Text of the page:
Conditions

Parkinson's Disease


About Parkinson's Disease

Parkinson's disease is a progressive nervous system disorder that affects movement. Symptoms start gradually, sometimes starting with a barely noticeable tremor in just one hand. Tremors are common, but the disorder also commonly causes stiffness or slowing of movement.

In the early stages of Parkinson's disease, your face may show little or no expression. Your arms may not swing when you walk. Your speech may become soft or slurred. Parkinson's disease symptoms worsen as your condition progresses over time.

Although Parkinson's disease can't be cured, medications might significantly improve your symptoms. Occasionally, your doctor may suggest surgery to regulate certain regions of your brain and improve your symptoms.

Symptoms

Parkinson's disease signs and symptoms can be different for everyone. Early signs may be mild and go unnoticed. Symptoms often begin on one side of your body and usually remain worse on that side, even after symptoms begin to affect both sides. Parkinson's signs and symptoms may include:

  • Tremor - A tremor, or shaking, usually begins in a limb, often your hand or fingers. You may a rub your thumb and forefinger back-and- forth, known as a pill-rolling tremor. Your hand may tremor when it's at rest.
  • Slowed movement (bradykinesia) - Over time, Parkinson's disease may slow your movement, making simple tasks difficult and time consuming. Your steps may become shorter when you walk. It may be difficult to get out of a chair. You may drag your feet as you try to walk.
  • Rigid muscles - Muscle stiffness may occur in any part of your body. The stiff muscles can be painful and limit your range of motion.
  • Impaired posture and balance - Your posture may become stooped, or you may have balance problems as a result of Parkinson's disease.
  • Loss of automatic movements - You may have a decreased ability to perform unconscious movements, including blinking, smiling or swinging your arms when you walk.
  • Speech changes - You may speak softly, quickly, slur or hesitate before talking. Your speech may be more of a monotone rather than with the usual inflections.
  • Writing changes - It may become hard to write, and your writing may appear small.

Causes

In Parkinson's disease, certain nerve cells (neurons) in the brain gradually break down or die. Many of the symptoms are due to a loss of neurons that produce a chemical messenger in your brain called dopamine. When dopamine levels decrease, it causes abnormal brain activity, leading to symptoms of Parkinson's disease. The cause of Parkinson's disease is unknown, but several factors appear to play a role, including:

  • Your genes - Researchers have identified specific genetic mutations that can cause Parkinson's disease. But these are uncommon except in rare cases with many family members affected by Parkinson's disease. However, certain gene variations appear to increase the risk of Parkinson's disease but with a relatively small risk of Parkinson's disease for each of these genetic markers.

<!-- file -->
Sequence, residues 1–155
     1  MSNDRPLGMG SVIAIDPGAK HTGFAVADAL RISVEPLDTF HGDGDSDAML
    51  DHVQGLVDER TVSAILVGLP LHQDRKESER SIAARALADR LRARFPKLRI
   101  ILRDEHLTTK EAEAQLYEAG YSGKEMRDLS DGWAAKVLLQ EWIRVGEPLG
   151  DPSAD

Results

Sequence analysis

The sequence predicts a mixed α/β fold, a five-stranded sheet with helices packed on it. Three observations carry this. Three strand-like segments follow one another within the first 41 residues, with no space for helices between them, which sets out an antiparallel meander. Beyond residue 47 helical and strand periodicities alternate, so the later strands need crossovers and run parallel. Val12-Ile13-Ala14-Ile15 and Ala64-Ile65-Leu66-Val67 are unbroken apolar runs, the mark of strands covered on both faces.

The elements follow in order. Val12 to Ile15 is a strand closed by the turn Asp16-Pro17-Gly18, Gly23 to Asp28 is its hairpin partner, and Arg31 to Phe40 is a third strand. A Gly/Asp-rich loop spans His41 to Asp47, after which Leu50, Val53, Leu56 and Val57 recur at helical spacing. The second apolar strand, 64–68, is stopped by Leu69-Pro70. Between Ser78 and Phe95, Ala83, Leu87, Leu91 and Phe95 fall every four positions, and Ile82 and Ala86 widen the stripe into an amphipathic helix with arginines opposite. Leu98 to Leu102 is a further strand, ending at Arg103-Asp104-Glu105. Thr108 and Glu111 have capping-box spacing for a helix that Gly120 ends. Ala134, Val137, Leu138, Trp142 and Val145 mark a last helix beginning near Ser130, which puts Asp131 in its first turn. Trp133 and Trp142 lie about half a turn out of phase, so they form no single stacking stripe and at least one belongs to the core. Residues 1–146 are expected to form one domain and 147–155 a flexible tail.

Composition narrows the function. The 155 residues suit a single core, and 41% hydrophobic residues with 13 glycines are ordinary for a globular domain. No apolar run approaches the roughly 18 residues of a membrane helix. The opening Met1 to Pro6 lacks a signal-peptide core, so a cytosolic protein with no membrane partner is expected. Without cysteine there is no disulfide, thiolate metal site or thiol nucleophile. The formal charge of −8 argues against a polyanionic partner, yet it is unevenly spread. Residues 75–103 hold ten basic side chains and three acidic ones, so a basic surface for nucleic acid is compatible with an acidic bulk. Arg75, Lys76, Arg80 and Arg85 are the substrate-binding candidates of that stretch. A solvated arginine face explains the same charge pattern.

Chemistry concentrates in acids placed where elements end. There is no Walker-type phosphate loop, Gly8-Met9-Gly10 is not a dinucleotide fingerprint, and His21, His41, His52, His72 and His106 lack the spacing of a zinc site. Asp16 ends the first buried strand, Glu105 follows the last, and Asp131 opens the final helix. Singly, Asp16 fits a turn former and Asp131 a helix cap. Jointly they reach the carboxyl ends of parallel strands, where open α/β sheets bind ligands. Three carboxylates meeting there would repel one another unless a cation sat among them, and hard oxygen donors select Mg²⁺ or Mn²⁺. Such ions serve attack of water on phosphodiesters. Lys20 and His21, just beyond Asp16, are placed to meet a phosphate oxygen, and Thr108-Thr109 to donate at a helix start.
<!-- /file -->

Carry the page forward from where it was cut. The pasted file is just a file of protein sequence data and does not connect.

• Environmental triggers - Exposure to certain toxins or environmental factors may increase the risk of later Parkinson's disease, but the risk is relatively small. Researchers have also noted that many changes occur in the brains of people with Parkinson's disease, although it's not clear why these changes occur. These changes include:
    • The presence of Lewy bodies - Clumps of specific substances within brain cells are microscopic markers of Parkinson's disease. These are called Lewy bodies, and researchers believe these Lewy bodies hold an important clue to the cause of Parkinson's disease.
    • Alpha-synuclein is found within Lewy bodies - Although many substances are found within Lewy bodies, scientists believe an important one is the natural and widespread protein called alpha-synuclein (a-synuclein). It's found in all Lewy bodies in a clumped form that cells can't break down. This is currently an important focus among Parkinson's disease researchers.

Risk Factors

Risk factors for Parkinson's disease include:

  • Age - Young adults rarely experience Parkinson's disease. It ordinarily begins in middle or late life, and the risk increases with age. People usually develop the disease around age 60 or older.
  • Heredity - Having a close relative with Parkinson's disease increases the chances that you'll develop the disease. However, your risks are still small unless you have many relatives in your family with Parkinson's disease.
  • Sex - Men are more likely to develop Parkinson's disease than women.
  • Exposure to toxins - Ongoing exposure to herbicides and pesticides may slightly increase your risk of Parkinson's disease.

Diagnosis

There is no single test to conclusively diagnose Parkinson’s disease (PD). However, there are various symptoms and diagnostic tests used in combination. Making an accurate diagnosis of Parkinson’s, particularly in its early stages, is difficult, but a skilled practitioner can come to a reasoned conclusion that it is PD. It is important to remember that two of the four main symptoms must be present over a period of time for a neurologist to consider a PD diagnosis:

  • Shaking or tremor
  • Slowness of movement, called bradykinesia
  • Stiffness or rigidity of the arms, legs or trunk
  • Trouble with balance and possible falls, also called postural instability

Often, a Parkinson’s diagnosis is first made by an internist or family physician. Many people seek an additional opinion from a neurologist with experience and specific training in the assessment and treatment of PD - referred to as a movement disorder specialist.